The Riggs National Bank building is located at the center of Washington's financial district. The Roman, Ionic facade of the bank faces Robert Mills' United States Treasury building, itself a National Landmark and one of the finest examples of the Greek Revival period in the United States. Symbolically, the Neo-Classical Riggs Bank facade represents its close relationship to the work of the United States Treasury, and by implication, the important role it has played in public and private financial transactions in the Nation's Capital. The Riggs Bank presents an elegant example of the restrained classical facade employed at the turn of the century for important city banks. The use of the Neo-Classical had gained acceptance a decade earlier following the Chicago World's Fair. Neo-Classicism became the style of the city Beautiful movement and was espoused in Washington by the McMillan Commission. The architectural importance of the Riggs Bank was again recognized during the 1960s when it was selected by the Joint Committee on Landmarks as a Category II Landmark. It is also listed on the National Register of Historic Places.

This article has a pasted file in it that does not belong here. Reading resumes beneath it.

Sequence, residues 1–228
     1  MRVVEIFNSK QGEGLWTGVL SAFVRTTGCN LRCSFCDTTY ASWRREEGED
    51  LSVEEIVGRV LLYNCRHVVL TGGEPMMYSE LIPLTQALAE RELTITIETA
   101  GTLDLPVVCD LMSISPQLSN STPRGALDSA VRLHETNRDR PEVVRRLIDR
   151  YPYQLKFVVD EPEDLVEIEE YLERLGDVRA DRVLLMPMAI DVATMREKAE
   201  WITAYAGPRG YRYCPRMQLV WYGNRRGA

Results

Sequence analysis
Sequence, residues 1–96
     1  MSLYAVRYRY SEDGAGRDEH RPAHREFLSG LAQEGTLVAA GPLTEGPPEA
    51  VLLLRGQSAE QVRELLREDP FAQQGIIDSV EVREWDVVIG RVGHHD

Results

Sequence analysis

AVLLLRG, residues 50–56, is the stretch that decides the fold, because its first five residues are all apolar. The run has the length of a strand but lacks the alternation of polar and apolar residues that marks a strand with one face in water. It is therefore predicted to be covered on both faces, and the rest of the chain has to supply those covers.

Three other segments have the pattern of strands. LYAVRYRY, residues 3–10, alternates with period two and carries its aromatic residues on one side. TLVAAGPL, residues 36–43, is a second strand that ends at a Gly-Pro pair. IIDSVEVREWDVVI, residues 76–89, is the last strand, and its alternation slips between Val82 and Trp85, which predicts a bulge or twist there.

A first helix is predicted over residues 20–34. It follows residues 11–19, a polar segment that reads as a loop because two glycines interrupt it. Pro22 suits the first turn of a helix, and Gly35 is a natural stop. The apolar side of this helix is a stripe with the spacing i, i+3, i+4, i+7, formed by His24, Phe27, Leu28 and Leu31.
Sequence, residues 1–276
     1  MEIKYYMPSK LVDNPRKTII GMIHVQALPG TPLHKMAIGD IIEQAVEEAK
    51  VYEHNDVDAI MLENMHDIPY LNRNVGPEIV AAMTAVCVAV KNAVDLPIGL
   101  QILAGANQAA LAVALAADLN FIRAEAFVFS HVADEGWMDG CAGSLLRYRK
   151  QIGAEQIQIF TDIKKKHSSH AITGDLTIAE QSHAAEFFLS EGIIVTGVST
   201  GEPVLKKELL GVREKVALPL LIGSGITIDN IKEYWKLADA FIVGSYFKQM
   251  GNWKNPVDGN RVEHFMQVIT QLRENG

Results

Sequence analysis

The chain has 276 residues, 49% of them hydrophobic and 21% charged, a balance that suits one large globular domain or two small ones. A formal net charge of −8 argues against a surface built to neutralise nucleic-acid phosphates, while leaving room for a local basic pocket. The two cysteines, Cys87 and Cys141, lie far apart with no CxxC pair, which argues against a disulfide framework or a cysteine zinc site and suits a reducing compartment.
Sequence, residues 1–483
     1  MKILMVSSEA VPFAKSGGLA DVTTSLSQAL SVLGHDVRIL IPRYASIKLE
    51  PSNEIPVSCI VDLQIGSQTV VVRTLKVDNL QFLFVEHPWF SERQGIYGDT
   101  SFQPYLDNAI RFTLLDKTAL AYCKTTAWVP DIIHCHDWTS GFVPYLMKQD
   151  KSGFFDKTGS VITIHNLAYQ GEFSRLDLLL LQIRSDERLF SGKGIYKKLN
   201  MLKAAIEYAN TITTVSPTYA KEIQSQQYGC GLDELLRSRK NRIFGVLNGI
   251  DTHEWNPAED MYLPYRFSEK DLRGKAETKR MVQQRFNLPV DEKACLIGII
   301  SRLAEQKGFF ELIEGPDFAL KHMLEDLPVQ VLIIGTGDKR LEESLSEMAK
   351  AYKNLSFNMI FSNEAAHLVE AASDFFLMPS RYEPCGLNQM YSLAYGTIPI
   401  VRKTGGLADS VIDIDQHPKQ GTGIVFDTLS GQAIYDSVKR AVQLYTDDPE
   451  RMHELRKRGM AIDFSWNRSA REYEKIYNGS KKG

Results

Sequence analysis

-- Historic American Buildings Survey (HABS DC-543)
National Register information
Posted to the National Register of Historic Places on July 16, 1973
Late 19th and 20th Century Revival: Classical Revival
Areas of significance
Level of significance
A - Event; C - Design/Construction
Periods of significance
1900-1924; 1875-1899; 1925-1949
1899; 1902; 1924
June 19, 2017: New photo from Michael Miller
May 10, 2017: New Street View added by Michael Miller
April 27, 2017: Updated by Michael Miller: Corrected "GPS Coordinates" and Added "Street View"